Given the importance of these communication channels and the high stakes in an activist fight, no company should be willing to cede the digital battlefield. The time to array your forces is long before the first digital salvo from the other side strikes home.

When considering the possibility of an activist attack, it is best to regard it as a certainty – not an if, but a when. Likewise, you don’t want to roll the dice about how an activist will use social media.

Not every activist is preparing a bombshell tweet with your name on it, à la Icahn – but they could be. In the end, what matters is how well prepared you and your company are to control your message in the digital sphere.

More than just a clever meme

Map your footprint
Work toward creating a diagram of the entire range of influence of your executive leadership, including any high-profile backers of your company. Make sure you know exactly which leaders can reach which audiences.

Your playbook should be a song book
The social media message of your leadership team must be convincing. Coordinate the timing and cadence of the content they share, not just the facts. Make it sing.

Look beyond the brand
Closely monitor digital and social channels for early signs of activist investor interest and as a real-time insights tool during an engagement.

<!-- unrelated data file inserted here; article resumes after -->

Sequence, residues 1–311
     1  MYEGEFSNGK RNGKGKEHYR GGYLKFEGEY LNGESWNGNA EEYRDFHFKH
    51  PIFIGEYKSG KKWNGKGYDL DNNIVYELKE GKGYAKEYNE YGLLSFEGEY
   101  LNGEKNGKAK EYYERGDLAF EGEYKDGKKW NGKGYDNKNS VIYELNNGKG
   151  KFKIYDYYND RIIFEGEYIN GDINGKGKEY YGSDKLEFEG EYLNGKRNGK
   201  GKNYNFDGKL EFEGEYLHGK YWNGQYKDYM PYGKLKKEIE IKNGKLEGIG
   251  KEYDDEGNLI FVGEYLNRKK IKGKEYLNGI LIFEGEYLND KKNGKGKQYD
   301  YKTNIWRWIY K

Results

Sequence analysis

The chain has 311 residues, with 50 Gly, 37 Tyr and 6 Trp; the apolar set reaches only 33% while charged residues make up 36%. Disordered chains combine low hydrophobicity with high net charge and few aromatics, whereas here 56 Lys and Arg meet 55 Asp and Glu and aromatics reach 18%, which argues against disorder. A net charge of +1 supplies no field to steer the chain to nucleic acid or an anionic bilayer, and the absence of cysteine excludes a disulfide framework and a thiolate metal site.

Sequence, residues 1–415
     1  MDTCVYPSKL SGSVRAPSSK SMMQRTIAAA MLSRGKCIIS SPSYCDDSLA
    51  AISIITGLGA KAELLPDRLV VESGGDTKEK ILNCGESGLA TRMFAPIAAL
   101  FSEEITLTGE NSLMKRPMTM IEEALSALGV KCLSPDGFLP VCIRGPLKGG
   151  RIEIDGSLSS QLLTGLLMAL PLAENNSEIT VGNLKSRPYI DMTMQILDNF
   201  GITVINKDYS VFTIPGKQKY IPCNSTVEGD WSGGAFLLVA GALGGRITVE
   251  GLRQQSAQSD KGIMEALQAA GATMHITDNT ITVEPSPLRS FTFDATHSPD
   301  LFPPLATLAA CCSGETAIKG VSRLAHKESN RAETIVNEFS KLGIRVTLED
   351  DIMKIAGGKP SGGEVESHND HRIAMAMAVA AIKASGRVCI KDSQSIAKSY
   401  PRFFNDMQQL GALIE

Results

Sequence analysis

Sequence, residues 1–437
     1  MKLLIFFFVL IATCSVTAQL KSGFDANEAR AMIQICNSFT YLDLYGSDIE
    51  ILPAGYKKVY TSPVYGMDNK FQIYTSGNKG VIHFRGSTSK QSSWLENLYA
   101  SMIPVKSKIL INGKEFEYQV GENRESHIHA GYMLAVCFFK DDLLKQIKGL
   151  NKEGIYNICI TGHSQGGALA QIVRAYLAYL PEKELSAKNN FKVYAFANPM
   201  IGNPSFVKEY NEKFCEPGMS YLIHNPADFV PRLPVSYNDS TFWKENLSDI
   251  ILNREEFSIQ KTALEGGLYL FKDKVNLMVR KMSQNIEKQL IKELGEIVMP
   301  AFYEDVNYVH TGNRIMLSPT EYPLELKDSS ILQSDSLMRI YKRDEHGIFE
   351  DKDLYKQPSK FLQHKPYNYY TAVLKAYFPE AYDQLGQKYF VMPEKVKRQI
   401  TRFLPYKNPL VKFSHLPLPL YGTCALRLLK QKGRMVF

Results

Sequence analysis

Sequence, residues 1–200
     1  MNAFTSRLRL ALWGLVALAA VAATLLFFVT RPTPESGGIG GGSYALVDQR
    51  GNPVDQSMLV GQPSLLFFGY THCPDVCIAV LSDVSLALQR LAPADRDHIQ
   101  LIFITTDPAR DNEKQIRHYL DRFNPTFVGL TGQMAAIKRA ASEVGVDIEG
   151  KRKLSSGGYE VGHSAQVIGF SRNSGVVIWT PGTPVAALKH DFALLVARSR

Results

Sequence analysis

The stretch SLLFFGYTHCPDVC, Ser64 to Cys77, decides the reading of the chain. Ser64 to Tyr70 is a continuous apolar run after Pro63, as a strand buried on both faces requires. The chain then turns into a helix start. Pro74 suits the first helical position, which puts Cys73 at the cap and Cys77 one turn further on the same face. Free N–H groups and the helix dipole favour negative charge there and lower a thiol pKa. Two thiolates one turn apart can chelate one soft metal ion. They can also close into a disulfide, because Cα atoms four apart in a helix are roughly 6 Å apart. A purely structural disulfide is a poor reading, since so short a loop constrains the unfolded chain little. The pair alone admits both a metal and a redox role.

Get the c-suite on Twitter
The voice of the executive is the most effective way to cut through the clutter and chaos of a crisis, but it is challenging to launch a digital presence from scratch during an engagement. Get your executives comfortable in the space, well before you need them.

Remember that social media is human media
In social channels, it is often not enough to be clear and precise. Messages also need to be personal and approachable, even emotional. Along with confidence in your business strategy, show the passion you have for the company, its people and your vision.

Mike Krempasky, a Partner based in Brunswick’s Washington, DC office, leads the Group’s digital offer.

eBay: out-tweeting Carl Icahn

Starting out as a corporate raider, more than 30 years and 100 campaigns ago, Carl Icahn has had one of the longest careers of today’s activists.

He is also one of the most social media savvy. Joining Twitter in 2013, Icahn has used it in more than 10 campaigns.

In 2014, Icahn threw down the gauntlet to eBay, proposing that it split off PayPal. eBay decided to fight fire with fire and, no stranger to digital communication, launched an aggressive, multifaceted defense that involved posts on Twitter and social media.

eBay regularly shared content directly via social channels, including company statements and infographics to highlight the strongest points of the company’s story. Below is a detail from one such infographic, demonstrating management’s record of creating long-term value for investors.

eBay’s social media campaign helped propel it to a first-round victory over the Icahn-led challenge, giving the company the time to weigh its options. Ultimately, the eBay board made the decision on its own to spin off PayPal.

— Radina Russell